How to cite this article:
Piotrowski AF, Grossman SA. Importance of iatrogenic immunosuppression in the treatment of patients with high-grade glioma with immunotherapy.Glioma 2019;2:3-6


How to cite this URL:
Piotrowski AF, Grossman SA. Importance of iatrogenic immunosuppression in the treatment of patients with high-grade glioma with immunotherapy. Glioma [serial online] 2019 [cited 2019 Sep 18 ];2:3-6
Available from: http://www.jglioma.com/text.asp?2019/2/1/3/255156


Full Text

 Introduction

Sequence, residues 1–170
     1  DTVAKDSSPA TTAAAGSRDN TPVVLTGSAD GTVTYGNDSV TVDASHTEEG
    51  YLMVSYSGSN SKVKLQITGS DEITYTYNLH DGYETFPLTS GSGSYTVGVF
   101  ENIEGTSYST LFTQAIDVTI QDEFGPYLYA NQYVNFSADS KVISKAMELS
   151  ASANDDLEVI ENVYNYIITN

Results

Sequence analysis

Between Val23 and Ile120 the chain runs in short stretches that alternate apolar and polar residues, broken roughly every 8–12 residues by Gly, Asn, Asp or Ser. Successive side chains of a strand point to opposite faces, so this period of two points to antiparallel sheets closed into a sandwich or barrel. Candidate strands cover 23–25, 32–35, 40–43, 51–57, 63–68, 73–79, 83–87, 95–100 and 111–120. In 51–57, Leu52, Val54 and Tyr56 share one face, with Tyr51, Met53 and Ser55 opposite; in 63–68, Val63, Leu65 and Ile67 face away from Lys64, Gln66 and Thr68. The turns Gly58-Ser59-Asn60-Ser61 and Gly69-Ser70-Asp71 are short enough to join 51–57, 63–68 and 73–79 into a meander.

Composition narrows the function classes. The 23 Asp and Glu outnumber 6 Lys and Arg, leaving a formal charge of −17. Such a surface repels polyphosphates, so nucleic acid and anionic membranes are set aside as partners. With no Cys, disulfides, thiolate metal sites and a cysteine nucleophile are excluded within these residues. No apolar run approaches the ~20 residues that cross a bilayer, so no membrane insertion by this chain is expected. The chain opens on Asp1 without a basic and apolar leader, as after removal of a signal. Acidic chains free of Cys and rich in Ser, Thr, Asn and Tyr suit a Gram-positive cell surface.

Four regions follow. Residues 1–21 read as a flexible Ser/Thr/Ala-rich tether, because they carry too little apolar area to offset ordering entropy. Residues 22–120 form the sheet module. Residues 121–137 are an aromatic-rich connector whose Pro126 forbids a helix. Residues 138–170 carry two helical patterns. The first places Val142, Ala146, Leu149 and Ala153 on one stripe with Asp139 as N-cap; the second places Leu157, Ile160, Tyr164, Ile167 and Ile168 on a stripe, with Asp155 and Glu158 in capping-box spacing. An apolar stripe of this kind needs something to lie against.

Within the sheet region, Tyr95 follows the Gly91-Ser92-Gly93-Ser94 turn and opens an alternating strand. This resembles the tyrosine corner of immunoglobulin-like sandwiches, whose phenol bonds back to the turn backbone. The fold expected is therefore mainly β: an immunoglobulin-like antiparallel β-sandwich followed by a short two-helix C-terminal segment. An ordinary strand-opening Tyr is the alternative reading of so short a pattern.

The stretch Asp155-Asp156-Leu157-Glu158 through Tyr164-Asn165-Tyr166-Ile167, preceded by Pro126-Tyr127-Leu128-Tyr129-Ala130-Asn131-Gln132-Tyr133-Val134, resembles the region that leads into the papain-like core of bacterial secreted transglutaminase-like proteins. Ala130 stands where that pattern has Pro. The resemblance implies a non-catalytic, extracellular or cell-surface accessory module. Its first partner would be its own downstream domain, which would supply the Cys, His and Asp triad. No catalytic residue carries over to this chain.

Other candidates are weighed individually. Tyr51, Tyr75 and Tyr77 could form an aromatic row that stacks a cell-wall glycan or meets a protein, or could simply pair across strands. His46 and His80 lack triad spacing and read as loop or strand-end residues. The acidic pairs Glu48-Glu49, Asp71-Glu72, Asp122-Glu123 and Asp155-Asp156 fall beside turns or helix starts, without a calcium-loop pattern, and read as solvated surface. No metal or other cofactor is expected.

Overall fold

Improvements in the outcome of patients with high-grade glioma have been extremely limited over the past several decades.[1] Despite dramatic advances in imaging and surgical care, this cancer remains incurable even if it is detected early and is surgically accessible. Similarly, extensive research focused on improving the efficacy of radiation therapy has evaluated escalating radiation doses, employing different field sizes and dose fractions, using radiation sensitizers, and implanting radiation seeds within the tumor without much progress. Despite decades of trials with chemotherapeutic and biologic agents, only temozolomide has been demonstrated to improve overall survival.[2] Unfortunately, its impact on patient outcomes has been limited. In patients with glioblastoma who have a good performance status and are eligible for clinical trials, temozolomide provides an increase in overall survival of <3 months and in the 60% of patients who are O6-methylguanine-DNA methyltransferase unmethylated; it appears to provide little to no clinical benefit.[3] Increasing the dose or duration of temozolomide has not improved outcomes, and the cure rate with aggressive multimodality therapy remains close to zero.[4] Efforts to implant chemotherapy-laden biodegradable polymers into glioblastomas at the time of resection[5] or using low intensity, alternating electric fields to disrupt cell division after completing radiation therapy,[6] have had only minimal impact on survival. The results of extensive trials of targeted and antiangiogenesis agents have been very disappointing.[7],[8] As 98% of drugs approved by the U. S. Food and Drug Administration do not enter the brain in therapeutic concentrations, the efficiency of the blood–brain barrier remains a major factor limiting the efficacy of systemically administered chemotherapeutics in this difficult to treat cancer.[9]